MENU

Warren Buffett thinks Apple is doing just fine

It’s been a while since we’ve heard Warren Buffett’s perspective on Apple‘s (NASDAQ:AAPL) stock. Recently, however, the Oracle of Omaha offered his latest opinion on the highest-profile company in tech: Apple management is doing just fine.

Buffett’s opinion on Apple
Buffett has voiced his thoughts on Apple stock several times in the last few years. In 2012, he recounted a time when Steve Jobs called him up for advice on the company’s burgeoning cash hoard. After Jobs said he thought Apple’s stock was undervalued, trading at about US$200 per share at the time, Buffett said, “I would use it for buybacks if I thought my stock was undervalued.”

In March of this year, Buffett said Apple should buy back stock and ignore hedge fund manager David Einhorn’s advice for a new dividend-paying preferred stock. In April, Apple did indeed announce a massive boost to its share repurchase program and ignored Einhorn’s advice. Expanding the company’s capital return program to US$100 billion, Apple took Buffett’s advice and significantly boosted its share repurchase authorisation from US$10 billion to US$60 billion.

Now Buffett is back with his opinion on Apple. “I think the Apple management and directors have done a pretty darned good job of running the company,” he told CNBC recently when asked for his thoughts on Carl Icahn’s suggestion that Apple buy back even more stock. Apple shouldn’t worry about Icahn, he seemed to suggest. Taking the idea further, Buffett said: “I do not think that companies should be run primarily to please Wall Street, and largely shareholders who are going to sell. I believe in running Berkshire for the shareholders who are going to stay, and not the ones who are going to leave.”

Taking the long view
Given both Warren Buffett’s approval of Apple’s management and Carl Icahn’s bullish outlook on the stock, is the Street’s focus on Apple’s current issues too shortsighted?

Sure, the iPhone 5c wasn’t as cheap as investors expected. Yes, the company’s gross profit margin may be down about 700 basis points from the year-ago quarter. But by simply taking a few steps back, Apple looks like a cash cow with a generous share repurchase program and a meaningful dividend yield of 2.5%. Best of all, the stock is incredibly cheap (even at US$500), trading at just 12.6 times earnings and just 10.7 times free cash flow.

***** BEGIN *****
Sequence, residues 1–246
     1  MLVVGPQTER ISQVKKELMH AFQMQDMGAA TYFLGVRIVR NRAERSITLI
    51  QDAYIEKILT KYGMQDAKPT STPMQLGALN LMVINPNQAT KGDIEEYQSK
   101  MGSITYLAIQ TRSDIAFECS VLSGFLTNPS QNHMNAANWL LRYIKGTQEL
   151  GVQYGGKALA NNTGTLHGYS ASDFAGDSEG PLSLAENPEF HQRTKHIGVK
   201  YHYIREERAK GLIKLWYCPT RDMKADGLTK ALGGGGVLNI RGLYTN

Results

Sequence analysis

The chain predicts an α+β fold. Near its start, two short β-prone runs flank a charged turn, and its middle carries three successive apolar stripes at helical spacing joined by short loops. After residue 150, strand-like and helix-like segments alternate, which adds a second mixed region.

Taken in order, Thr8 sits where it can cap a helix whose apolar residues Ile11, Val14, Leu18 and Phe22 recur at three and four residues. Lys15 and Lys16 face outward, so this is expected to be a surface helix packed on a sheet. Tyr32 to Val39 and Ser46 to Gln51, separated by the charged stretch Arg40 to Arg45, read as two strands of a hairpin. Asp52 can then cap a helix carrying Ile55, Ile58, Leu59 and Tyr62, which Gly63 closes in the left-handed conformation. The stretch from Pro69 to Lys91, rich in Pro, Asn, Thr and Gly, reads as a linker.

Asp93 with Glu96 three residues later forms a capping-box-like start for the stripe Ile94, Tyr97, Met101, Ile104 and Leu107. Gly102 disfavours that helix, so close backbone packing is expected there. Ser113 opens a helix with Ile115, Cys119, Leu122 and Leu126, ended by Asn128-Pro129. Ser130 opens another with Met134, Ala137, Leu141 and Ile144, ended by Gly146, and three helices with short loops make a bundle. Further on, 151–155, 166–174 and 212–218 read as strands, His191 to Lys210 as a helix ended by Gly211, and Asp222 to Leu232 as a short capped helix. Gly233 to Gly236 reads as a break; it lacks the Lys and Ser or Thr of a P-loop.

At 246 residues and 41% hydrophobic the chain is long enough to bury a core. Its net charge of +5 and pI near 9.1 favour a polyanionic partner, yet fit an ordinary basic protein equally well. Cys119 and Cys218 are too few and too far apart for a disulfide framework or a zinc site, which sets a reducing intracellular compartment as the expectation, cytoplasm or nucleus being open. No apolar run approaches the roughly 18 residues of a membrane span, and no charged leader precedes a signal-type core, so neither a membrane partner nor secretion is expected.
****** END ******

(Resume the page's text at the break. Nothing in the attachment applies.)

It’s worth noting, however, that neither Buffett nor Icahn are really tech investors. In fact, they’re historically tech averse much of the time. Both of their opinions, therefore, should be taken with a grain of salt. But they’re both obviously great investors, so their thoughts are worth some consideration. If nothing else, Buffett’s approval of Apple management and Icahn’s bullishness on the stock help assure long-term Apple shareholders that the company is doing just fine.

The Australian Financial Review says “good quality Australian shares that have a long history of paying dividends are a real alternative to a term deposit.” Get 3 Stocks for the Great Dividend Boom in our special FREE report. Click here now to find out the names, stock symbols, and full research for our three favourite income ideas, all completely free!

More reading

A version of this article, written by Daniel Sparks, originally appeared on fool.com.

Two New Stock Picks Every Month!

Not to alarm you, but you’re about to miss a very important event! Chief Investment Advisor Scott Phillips and his team at Motley Fool Share Advisor are about to reveal their latest official stock recommendation. The premium “buy alert” will be unveiled to members and you can be among the first to act on the tip.

Don’t let this opportunity pass you by – this is your chance to get in early!

Simply enter your email now to find out how you can get instant access.

By clicking this button, you agree to our Terms of Service and Privacy Policy. We will use your email address only to keep you informed about updates to our website and about other products and services we think might interest you. You can unsubscribe from Take Stock at anytime. Please refer to our Financial Services Guide (FSG) for more information.